Sequence 3.4 – Types verification and inference

Pablo Oliveira & Samuel Tardieu

Typing operations in the compiler

let var a : int := 3  /* Explicit type: int */
    var b := a + 4    /* Implicit type: int */
    var c := "Hello"  /* Implicit type: string */
  a + b + strlen(c)   /* Implicit type: int */

The types in Tiger

In our Tiger implementation, three types are used:

For example, function f below returns void (no value):

let var a := 0
    function f() = a := a + 1
  f(); f(); f(); a  /* Returns 3 */

The type checker

Type checking examples: expressions

Type checking examples: if/then/else

In Tiger, everything is an expression, including if/then/else.

if test then something else something_else

For example, the following expression returns the smallest value of a and b, a and b having the same type (int or string):

if a < b then a else b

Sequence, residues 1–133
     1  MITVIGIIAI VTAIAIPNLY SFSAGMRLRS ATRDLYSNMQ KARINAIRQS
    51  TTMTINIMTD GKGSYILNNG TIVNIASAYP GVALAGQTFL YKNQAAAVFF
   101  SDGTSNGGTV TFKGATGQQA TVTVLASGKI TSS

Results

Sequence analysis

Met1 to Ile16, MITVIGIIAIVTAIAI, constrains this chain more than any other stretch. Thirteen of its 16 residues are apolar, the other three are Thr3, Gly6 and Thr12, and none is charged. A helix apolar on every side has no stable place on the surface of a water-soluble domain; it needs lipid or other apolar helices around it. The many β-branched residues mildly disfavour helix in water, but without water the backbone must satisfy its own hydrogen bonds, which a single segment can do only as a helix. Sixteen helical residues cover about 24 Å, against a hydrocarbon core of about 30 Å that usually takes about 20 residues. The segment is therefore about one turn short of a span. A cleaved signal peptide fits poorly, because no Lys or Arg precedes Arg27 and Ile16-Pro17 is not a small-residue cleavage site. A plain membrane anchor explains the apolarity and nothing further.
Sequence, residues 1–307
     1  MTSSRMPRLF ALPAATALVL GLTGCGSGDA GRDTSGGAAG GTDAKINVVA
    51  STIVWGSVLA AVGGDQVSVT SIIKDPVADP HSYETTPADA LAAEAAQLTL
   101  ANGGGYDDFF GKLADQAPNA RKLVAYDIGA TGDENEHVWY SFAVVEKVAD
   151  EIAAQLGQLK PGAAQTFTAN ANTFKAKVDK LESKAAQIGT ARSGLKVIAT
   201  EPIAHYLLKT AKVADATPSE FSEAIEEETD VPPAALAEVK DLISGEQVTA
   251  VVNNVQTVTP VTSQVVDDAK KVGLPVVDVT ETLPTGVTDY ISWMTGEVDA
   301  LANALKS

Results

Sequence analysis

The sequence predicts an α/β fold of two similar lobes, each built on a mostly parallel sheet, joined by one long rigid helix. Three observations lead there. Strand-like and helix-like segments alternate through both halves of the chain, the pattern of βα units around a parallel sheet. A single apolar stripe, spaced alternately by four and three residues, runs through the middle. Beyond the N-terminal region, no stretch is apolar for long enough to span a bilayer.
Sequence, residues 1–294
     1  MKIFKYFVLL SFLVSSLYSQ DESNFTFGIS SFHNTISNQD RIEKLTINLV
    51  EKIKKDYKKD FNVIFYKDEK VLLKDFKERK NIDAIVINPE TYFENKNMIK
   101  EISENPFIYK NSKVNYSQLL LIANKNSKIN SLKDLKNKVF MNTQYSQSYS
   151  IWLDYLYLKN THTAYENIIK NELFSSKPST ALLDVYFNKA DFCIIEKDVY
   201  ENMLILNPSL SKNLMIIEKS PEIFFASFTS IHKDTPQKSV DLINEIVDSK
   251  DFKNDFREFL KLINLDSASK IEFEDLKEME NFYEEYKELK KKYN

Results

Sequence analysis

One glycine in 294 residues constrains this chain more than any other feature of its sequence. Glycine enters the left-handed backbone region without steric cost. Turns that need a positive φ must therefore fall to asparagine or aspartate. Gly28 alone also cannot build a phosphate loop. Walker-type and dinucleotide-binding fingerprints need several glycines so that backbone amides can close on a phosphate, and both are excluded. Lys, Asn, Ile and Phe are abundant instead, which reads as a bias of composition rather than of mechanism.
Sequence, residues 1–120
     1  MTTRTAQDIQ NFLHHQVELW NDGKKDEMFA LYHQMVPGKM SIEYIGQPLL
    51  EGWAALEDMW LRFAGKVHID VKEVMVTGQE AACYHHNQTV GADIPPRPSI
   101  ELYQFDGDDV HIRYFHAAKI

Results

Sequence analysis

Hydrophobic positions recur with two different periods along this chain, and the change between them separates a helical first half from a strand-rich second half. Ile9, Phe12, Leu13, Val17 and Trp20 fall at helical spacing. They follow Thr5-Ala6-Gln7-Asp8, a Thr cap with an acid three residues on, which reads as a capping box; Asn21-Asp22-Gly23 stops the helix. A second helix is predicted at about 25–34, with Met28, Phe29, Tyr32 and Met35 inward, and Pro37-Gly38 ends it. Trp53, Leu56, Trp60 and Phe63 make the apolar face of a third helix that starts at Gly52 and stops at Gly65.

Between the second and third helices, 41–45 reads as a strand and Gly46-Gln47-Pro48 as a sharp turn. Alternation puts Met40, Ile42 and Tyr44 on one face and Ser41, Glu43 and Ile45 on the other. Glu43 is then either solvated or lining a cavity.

Type checking examples: if/then

It is possible to omit the else part.

if test then something

In this case:

Note that in Tiger, () is of type void, so omitting the else part is equivalent to using else (). This substitution (adding else ()) can even be done in the parser to reduce the complexity of the various visitors.

Summarizing tests

Tiger is simple to type check

Tiger is a simple language to type check while walking the AST:

Example: type checking of assignment (:=)

void TypeChecker::visit(Assign &assign) {
  // Recursively type check left hand side of :=
  // (which is necessarily an identifier)
  // Recursively type check right hand side of :=
  // Check that both sides of := have the same type
  // and exit with an error otherwise.
  if (assign.get_lhs().get_type() !=
    error(assign.loc, "Type mismatch in assignment");
  // The assignment itself returns no value,
  // you cannot do a := (b := c).

Some languages are harder to type check